One has to ask themselves WHY there are so many so-called "deniers" or "skeptics". Simple. They don't just exist in a vacuum....thye are there for a good reason. It is because science has NOT proved Global Warming......or at least the concept of the "Greenhouse Effect" and what "human activities" are "causing". To be "in denial" is to simply deny with is the truth, or what has already been proven. But, with climate warming, the so-called Greenhouse Effect, and human activities, one cannot live in "denial" because it simply has not been proven. It is the burden of science to actually PROVE it. That, obviously, has not been done, despite the strong claims of a number of people.

So, once science DOES proves it, then and only THEN can they accuse others of "denial" Until that happens......good luck.

Posted by: MMCarhelp | September 14, 2010 1:41 AM | Report abuse

MMCarhelp, you said,
"It is because science has NOT proved Global Warming......or at least the concept of the "Greenhouse Effect" and what "human activities" are "causing"."

oh brother...what planet do you live on? humans are able to live in the earth because of the greenhouse effect. it's what keeps earth warmer -18C. the physics/chemistry of the greenhouse effect are well-understood - that's not even cutting-edge science. furthermore we know FOR SURE that we are emitting lots of co2, which we know FOR SURE is a greenhouse gas...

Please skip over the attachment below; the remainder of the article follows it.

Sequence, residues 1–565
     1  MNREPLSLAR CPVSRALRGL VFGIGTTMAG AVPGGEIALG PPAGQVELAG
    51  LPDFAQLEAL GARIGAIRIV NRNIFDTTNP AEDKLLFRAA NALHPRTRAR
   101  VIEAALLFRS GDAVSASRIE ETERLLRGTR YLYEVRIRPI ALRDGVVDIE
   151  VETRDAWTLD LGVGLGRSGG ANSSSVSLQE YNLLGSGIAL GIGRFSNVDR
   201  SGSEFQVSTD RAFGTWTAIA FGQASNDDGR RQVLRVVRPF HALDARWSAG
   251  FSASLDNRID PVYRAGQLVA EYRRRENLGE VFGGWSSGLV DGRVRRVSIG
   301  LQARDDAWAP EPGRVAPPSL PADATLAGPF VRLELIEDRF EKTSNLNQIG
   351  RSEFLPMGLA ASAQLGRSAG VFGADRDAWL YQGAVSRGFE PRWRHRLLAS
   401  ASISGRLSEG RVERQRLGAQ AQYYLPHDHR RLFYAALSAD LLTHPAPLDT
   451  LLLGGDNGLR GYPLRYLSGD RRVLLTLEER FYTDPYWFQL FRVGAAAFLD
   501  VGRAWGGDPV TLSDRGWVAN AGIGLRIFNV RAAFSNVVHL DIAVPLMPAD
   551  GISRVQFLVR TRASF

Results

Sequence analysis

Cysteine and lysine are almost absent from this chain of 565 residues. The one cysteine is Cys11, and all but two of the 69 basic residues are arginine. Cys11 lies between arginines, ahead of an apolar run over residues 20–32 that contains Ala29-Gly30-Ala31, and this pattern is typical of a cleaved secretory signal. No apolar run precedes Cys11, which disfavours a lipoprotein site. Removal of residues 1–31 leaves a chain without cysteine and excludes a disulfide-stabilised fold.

it's one thing to say (like eric) that the earth is warming due to human emissions of co2, but that the effects may not be so bad. (he's in the "bargaining" phase of grief over the loss of indestructible earth. (it goes denial, anger, bargaining, depression, acceptance.) just a bit of friendly ribbing there, eric.)

but it's another to say it's not happening - that's denial...

Posted by: walter-in-fallschurch | September 14, 2010 9:28 AM | Report abuse

The science clearly shows the climate has warmed significantly in the past few decades.

The best explanation we have is anthropogenic. Our best quantitative descriptions of the Earth's climate--climate models--clearly suggest that greenhouse gases are the major cause of the warming and that the warming will get considerably larger.

There are uncertainties, not least how to deal with the problem.

Unfortunately the problem has been politicized and people have been attacked and slandered--on both sides, but from my perspective much more by some of the people opposed to the idea of global warming.

Posted by: Dadmeister | September 14, 2010 10:09 AM | Report abuse

Actually Walter I go in reverse order, so I'll get mad really soon. The GH nature of CO2 is not entirely uncontroversial. I've read arguments by Hans Jelbring, Eduardo Ferreyra and others but pretty much they lose on one or two details like conduction (GH warming by N2 and O2) being a lot weaker and slower than radiation.

My other quibble with what you said Walter is that most effects are good. In our area and in the US as a whole we spend more on heating (not optional at all) than cooling (somewhat optional). Growing seasons are longer, etc, etc.